Stephen Sprouse was a pioneer in merging street style and high fashion. During his early career at Halston, he was drawn to the downtown New York punk scene. Working with Keith Haring, Jean-Michel Basquiat, and Andy Warhol, his fall/winter collection of 1988 had all of the hallmarks of a Sprouse collection, with Day-Glo fabrics, sheath dresses, and bold graffiti prints. It was also Sprouse’s last collection for a decade. Stephen’s career flourished again at the end of his life thanks to his famou

Vivienne Westwood, “On Liberty,” Fall/Winter 1994

Lydia Edwards

Source: Fashion Photography Archive 2015

Article

“My job, more than anything, is to idealize women,” Vivienne Westwood has said of her work, including the fall/winter collection “On Liberty,” which premiered in Paris in 1994. Her appropriation of historic styles is well known, but in this collection a reinvention of the bustle, the nineteenth-century skirt support that accented a woman’s behind and allowed for elaborate skirt drapery, is more fluid than similar iterations have been. Westwood’s stark wire cage from 1990, for instance, was not so

Vivienne Westwood’s Elevated Ghillie Shoes from 1993

Hayley-Jane Edwards-Dujardin

Source: Fashion Photography Archive 2015

Article

For her fall/winter 1993–1994 “Anglomania” collection, Vivienne Westwood perched her models on extremely elevated platform shoes. Inspired, as most of her collection, by Scottish traditional garments, the platform shoes reinterpreted ancestral ghillies worn for folkloric dances. However, apart from the lacing structure, the shoes were more reminiscent of fetish footwear—an aesthetic typical of Vivienne Westwood’s taste for combining conservatism with subversiveness. When the British designer rein

Underwear from the 1970s to 2000

Hayley-Jane Edwards-Dujardin

Source: Fashion Photography Archive 2015

Article

From the twentieth century, underwear has acquired a functional and an aesthetic purpose, sometimes serving as a second skin for comfort and at other times as an exoskeleton, reshaping the body’s natural form. It conceals or audaciously reveals women’s intimacy and thus nourishes erotic fantasies in a flirtatious game of “nice meets naughty.” Underwear originally had a function of protection, hygiene, and support; it embodied the existing social boundaries between the hidden intimacy and the publ

Véronique Branquinho

Alessandro Esculapio

Source: Fashion Photography Archive 2015

Designer Biography

Pam Hogg

Elizabeth Glendinning

Source: Fashion Photography Archive 2015

Designer Biography

Bridal Wear

Elizabeth Glendinning

Source: Fashion Photography Archive 2015

Article

The evolution of the bridal gown, and its history, aesthetic, and rituals, are significant within our cultural history and have an influence on the contemporary wedding ceremony. Modern designers continue to be influenced by fashion history, or may reflect current styles and concerns. This article predominantly refers to the white wedding gown worn traditionally in Western Christian cultures, its heritage, and the wedding dress as archival object.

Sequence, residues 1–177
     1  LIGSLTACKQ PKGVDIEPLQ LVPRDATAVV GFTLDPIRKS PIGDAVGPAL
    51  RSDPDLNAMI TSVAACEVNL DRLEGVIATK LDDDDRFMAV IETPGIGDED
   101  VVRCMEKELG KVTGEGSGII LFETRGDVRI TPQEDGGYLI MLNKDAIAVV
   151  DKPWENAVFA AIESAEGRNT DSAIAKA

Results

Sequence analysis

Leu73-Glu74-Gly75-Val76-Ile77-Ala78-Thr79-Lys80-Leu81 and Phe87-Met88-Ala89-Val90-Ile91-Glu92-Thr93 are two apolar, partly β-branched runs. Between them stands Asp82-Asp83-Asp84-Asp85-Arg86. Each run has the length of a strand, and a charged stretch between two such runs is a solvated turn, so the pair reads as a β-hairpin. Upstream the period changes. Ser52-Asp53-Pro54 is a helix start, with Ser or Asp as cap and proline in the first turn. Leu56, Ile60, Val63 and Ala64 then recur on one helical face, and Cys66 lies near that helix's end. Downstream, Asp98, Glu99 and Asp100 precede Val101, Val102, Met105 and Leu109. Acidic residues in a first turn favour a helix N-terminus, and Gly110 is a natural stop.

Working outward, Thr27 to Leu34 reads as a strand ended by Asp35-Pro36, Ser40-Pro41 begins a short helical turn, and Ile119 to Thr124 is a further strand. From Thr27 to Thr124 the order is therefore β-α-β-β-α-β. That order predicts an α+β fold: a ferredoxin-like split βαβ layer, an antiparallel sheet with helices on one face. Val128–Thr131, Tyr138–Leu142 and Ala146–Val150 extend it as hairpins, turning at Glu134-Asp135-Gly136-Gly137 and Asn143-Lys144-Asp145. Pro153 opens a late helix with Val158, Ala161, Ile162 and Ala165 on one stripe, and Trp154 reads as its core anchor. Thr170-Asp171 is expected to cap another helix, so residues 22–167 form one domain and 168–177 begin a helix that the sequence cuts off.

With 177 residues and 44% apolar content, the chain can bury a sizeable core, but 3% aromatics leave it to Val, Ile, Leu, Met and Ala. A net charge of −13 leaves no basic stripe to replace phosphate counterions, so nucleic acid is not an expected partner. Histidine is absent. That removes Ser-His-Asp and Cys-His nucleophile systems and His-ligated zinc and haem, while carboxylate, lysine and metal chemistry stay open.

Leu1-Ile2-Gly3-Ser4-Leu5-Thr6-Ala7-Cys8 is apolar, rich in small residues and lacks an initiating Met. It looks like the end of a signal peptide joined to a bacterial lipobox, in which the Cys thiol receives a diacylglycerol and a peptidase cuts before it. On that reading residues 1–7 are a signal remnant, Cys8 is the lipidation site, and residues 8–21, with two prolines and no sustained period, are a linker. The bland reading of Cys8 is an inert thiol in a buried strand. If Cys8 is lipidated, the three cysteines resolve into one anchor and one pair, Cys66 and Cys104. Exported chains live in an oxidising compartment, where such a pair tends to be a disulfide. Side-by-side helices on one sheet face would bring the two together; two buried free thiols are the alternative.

Louise Brooks

Elizabeth Glendinning

Source: Fashion Photography Archive 2015

Article

Louise Brooks (1906–1985) was the epitome of the 1920s “flapper,” whose iconic look and style reflected the speed and dynamism of modernity, and whose liberated approach to life and her own identity contributed to her often tragic legacy.

Helen Storey

Elizabeth Glendinning

Source: Fashion Photography Archive 2015

Designer Biography

Lolita

Kathryn A. Hardy Bernal

Source: Fashion Photography Archive 2015

Article

The Lolita fashion-based subculture, once an underground Japanese movement, is a burgeoning worldwide industry. The style, represented by women who dress in childlike clothing, emerged on the streets in the 1970s, gaining impetus within the J-rock (Japanese rock) music scene of the 1990s. The visual kei band Malice Mizer formulated their look on New Romantic glam, inspired by 1980s collaborations between Vivienne Westwood and Malcolm McLaren; fans of the guitarist, Mana, began to mimic his unique

Bill Blass, Spring/Summer 1984

Michelle Honig

Source: Fashion Photography Archive 2015

Article

This collection was all about simplicity, which led Nina Hyde at the Washington Post to comment, “Blass’s clothes have never been more simple, less contrived.” The hems were short because Blass believed that his couture customers had the money to keep their body in great shape. There were bra-like tops under conservative suits for day, and evening gowns in silk charmeuse draped in silk chiffon. Because of the simplicity of the clothes, the models’ hair was more extreme. Critics commended Blass’s

Bill Blass, Spring/Summer 1988

Michelle Honig

Source: Fashion Photography Archive 2015

Article

This collection was inspired by Matisse paintings that Bill Blass saw while at the National Gallery in Washington. Shown at the Parsons School of Design in New York, the clothes were short and full of froufrou due to the influence of “the sugar daddy of bonbon chic” and designer of the moment Christian Lacroix, and his short, little-girl styles. Hems were well above the knees, which concerned retailers servicing working women needing office-appropriate clothes. Even though critics liked his use o

Marc Jacobs

Casey Mackenzie Johnson

Source: Fashion Photography Archive 2015

Designer Biography

Edie Sedgwick

Stephanie Kramer

Source: Fashion Photography Archive 2015

Article

In the canon of fashion tastemakers, Edie Sedgwick remains both a legend and a mystery. In her short twenty-eight years, the Santa Barbara, California native was a socialite, heiress, artist, actress, model, New York scenester, and 1965’s anointed “Girl of the Year.” From her affiliation with Andy Warhol and the artistic community of the Factory to her collaboration with designer Betsey Johnson, to her stints as a model for Vogue, Sedgwick’s contribution to the world of fashion was undoubtedly a

Back to top
Results showing
1 - 25 of 1133 (46 pages)
Page 1 of 46